OLS or Ordinary Least Squares is one of the most common methods used in Econometrics. It is a linear regression technique that minimizes the sum of squared residuals (error term) to estimate the coefficients. In this post, we will dive further into the practical process of estimating the coefficients using Ordinary Least Squares.

## The Ordinary Least Squares Equation

Suppose, we need to estimate the quantity demanded of a commodity ‘y’. According to economic theory, demand for any commodity depends on several factors such as its price, the price of other commodities, income, etc. For illustration purposes, we will also use three variables representing the price of *y* (denoted by ‘*p’*), the price of a substitute good (*x*) and income (*i*). In such a situation, therefore, the quantity demanded of *y* is the dependent variable. Its price, price of substitute good “*x*” and income (*i*) are independent or explanatory variables. Each observation of quantity demanded (*y*) can also be written in equation form as follows:

Moreover, for different combinations of independent variables, the data has a corresponding value of ‘*y*’. For instance, if there are 50 observations, then we have 50 different values of ‘*y*’ corresponding to 50 different combinations of independent variables’ values.

## OLS: The Matrix Form and Normal Equation Estimation

Generally, OLS estimation is carried out using matrices. The above equation can also be expressed in the form of matrices as follows:

Furthermore, the first column of *X* includes all values of 1 because of the constant. That is, it does not have any independent variable attached to it. Therefore, this column is necessary to estimate the constant.

Hence, the values of coefficients can be estimated using matrix multiplications, transpose and matrix inverse calculations. Further, this can be easily accomplished using any econometric software package.

## Estimation with real data

To demonstrate, we will consider a small hypothetical data sample of 10 observations for the variables used above.

Observations | Quantity demanded of commodity ‘y’ | Price of ‘y’ (p) | Price of substitute good ‘x’ | Income (i) |

1 | 232 | 47 | 49 | 811 |

2 | 247 | 35 | 62 | 769 |

3 | 290 | 38 | 63 | 906 |

4 | 246 | 42 | 65 | 803 |

5 | 239 | 43 | 64 | 761 |

6 | 265 | 33 | 69 | 774 |

7 | 245 | 44 | 60 | 814 |

8 | 227 | 36 | 47 | 735 |

9 | 237 | 46 | 68 | 775 |

10 | 273 | 37 | 53 | 853 |

The quantity demanded ‘*y*’ can be predicted from any given values of independent variables and their coefficients. This is accomplished by further substituting values in the following equation:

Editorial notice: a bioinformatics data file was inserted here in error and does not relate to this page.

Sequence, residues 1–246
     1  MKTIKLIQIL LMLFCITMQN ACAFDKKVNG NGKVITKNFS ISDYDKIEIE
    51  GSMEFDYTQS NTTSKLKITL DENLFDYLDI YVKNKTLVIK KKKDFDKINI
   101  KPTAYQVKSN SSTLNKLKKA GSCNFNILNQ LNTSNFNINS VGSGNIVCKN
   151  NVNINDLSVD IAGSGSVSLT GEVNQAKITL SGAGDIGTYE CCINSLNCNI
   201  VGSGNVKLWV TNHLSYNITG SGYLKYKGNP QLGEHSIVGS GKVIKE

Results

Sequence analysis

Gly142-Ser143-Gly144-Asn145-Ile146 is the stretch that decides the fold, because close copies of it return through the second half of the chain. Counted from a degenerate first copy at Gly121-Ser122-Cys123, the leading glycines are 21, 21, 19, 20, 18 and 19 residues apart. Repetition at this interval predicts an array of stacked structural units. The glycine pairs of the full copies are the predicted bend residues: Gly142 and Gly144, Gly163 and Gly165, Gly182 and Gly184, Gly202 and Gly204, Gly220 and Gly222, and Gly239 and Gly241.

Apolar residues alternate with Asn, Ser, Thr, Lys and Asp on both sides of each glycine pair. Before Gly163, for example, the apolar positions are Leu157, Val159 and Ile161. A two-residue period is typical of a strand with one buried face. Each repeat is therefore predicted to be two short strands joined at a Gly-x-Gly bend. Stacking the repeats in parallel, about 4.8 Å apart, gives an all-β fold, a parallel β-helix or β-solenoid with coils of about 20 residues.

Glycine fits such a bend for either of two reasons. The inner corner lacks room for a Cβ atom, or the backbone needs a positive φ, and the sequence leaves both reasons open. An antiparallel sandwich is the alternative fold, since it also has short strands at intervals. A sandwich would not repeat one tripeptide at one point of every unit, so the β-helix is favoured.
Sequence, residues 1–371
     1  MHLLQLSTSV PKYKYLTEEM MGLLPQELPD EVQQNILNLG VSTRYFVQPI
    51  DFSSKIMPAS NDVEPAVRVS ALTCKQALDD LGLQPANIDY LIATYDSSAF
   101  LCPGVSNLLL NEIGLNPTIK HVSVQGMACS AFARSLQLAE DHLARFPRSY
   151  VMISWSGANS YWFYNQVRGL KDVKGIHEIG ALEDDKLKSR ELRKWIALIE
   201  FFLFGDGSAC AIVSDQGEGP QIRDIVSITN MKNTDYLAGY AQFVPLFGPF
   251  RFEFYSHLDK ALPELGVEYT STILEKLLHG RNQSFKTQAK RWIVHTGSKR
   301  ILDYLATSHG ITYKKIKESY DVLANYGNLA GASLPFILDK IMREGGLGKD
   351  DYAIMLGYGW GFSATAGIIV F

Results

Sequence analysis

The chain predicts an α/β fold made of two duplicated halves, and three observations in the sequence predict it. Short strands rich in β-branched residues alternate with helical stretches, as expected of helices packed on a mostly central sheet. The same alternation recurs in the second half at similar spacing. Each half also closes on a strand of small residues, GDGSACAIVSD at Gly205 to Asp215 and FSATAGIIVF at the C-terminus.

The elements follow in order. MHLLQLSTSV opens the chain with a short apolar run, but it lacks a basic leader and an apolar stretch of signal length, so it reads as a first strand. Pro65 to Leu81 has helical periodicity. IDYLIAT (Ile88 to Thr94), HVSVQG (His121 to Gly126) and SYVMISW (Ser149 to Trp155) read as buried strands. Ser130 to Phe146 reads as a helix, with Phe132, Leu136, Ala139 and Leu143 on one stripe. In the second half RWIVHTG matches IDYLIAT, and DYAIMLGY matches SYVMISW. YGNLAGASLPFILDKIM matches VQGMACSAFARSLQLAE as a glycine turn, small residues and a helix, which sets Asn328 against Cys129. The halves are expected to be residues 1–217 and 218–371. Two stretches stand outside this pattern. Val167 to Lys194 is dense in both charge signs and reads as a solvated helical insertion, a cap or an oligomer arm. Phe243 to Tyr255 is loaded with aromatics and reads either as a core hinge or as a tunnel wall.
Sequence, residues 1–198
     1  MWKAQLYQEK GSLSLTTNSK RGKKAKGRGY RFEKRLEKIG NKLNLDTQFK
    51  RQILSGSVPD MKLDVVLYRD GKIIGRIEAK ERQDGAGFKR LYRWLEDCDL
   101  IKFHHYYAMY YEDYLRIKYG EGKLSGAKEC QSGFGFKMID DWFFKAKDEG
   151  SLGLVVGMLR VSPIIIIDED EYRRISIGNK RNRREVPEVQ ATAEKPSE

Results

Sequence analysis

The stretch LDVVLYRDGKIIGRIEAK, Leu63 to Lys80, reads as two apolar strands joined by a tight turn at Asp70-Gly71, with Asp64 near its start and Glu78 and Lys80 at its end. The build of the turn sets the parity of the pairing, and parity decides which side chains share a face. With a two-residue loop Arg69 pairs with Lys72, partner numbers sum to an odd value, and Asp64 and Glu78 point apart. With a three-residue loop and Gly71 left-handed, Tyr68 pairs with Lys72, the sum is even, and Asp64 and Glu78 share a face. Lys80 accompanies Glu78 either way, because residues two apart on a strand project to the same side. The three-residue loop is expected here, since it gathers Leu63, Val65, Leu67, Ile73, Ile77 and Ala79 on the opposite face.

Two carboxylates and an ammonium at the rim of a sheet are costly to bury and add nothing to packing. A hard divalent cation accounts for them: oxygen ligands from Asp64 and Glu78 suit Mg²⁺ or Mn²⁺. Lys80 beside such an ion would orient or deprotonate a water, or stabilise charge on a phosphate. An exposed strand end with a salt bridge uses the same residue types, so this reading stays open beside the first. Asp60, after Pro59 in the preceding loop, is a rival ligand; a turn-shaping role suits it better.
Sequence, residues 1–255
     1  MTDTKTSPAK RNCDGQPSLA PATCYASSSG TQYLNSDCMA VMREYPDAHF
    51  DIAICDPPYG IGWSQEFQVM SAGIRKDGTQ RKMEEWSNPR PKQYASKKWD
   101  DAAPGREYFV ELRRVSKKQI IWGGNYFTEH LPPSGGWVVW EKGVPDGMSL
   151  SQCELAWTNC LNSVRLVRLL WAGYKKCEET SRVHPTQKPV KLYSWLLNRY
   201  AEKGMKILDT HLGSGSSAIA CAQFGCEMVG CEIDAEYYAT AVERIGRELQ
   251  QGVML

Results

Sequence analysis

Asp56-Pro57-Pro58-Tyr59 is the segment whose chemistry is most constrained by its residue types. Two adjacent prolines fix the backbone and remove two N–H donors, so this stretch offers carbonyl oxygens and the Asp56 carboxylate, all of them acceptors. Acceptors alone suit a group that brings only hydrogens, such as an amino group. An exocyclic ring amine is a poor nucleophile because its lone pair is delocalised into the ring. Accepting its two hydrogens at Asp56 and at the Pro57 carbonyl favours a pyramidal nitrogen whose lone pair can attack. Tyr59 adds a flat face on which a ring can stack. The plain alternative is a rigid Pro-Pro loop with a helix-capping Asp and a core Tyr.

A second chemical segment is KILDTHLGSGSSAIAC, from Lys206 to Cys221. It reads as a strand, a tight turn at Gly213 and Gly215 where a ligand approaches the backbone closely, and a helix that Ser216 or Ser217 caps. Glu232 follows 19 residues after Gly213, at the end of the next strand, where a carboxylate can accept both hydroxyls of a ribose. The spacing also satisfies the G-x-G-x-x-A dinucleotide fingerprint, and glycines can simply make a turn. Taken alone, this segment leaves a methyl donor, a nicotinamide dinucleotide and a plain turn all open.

From the given data, we can also construct the matrices to estimate the coefficients with the normal equation method. Hence, the matrices for the above equation can be constructed as follows:

On solving, the values of coefficients based on the given data were estimated as:

## Making predictions after ordinary least squares

Suppose, we also have to predict the quantity demanded of commodity ‘*y*’, given values of independent variables as *p = 42, x = 57 and i = 780*. Then, we can forecast ‘*y*’ using the OLS equation:

Hence, this means that the quantity demanded of “y” will be 241 at the given price of 42, the price of substitute “x” at 57 and the income of 780.

## Estimating the residuals or error terms

The residuals or error terms are further estimated by subtracting the “predicted values of Y” from the “actual values of Y” for every observation. Therefore, they can be expressed as:

For each observation, we can also obtain the predicted values with the help of estimated coefficients and the values of independent variables from those observations. Then, we can estimate the residuals from the actual and predicted values.

Observations | Quantity demanded of commodity ‘y’ | Price of ‘y’ (p) | Price of substitute good ‘x’ | Income (i) | Predicted ‘y’ (using coefficients) | Residuals or error (y – predicted y) |

1 | 232 | 47 | 49 | 811 | 232 | 0 |

2 | 247 | 35 | 62 | 769 | 252 | -5 |

3 | 290 | 38 | 63 | 906 | 291 | -1 |

4 | 246 | 42 | 65 | 803 | 251 | -5 |

5 | 239 | 43 | 64 | 761 | 234 | 5 |

6 | 265 | 33 | 69 | 774 | 262 | 3 |

7 | 245 | 44 | 60 | 814 | 247 | -2 |

8 | 227 | 36 | 47 | 735 | 228 | -1 |

9 | 237 | 46 | 68 | 775 | 236 | 1 |

10 | 273 | 37 | 53 | 853 | 269 | 4 |

Note: predicted ‘y’ has been further rounded off to the nearest integer values here. The quantity demanded of a commodity is generally a whole number because consumers cannot buy fractions of a commodity in most cases. For example, a consumer cannot buy 0.3 units of a book.

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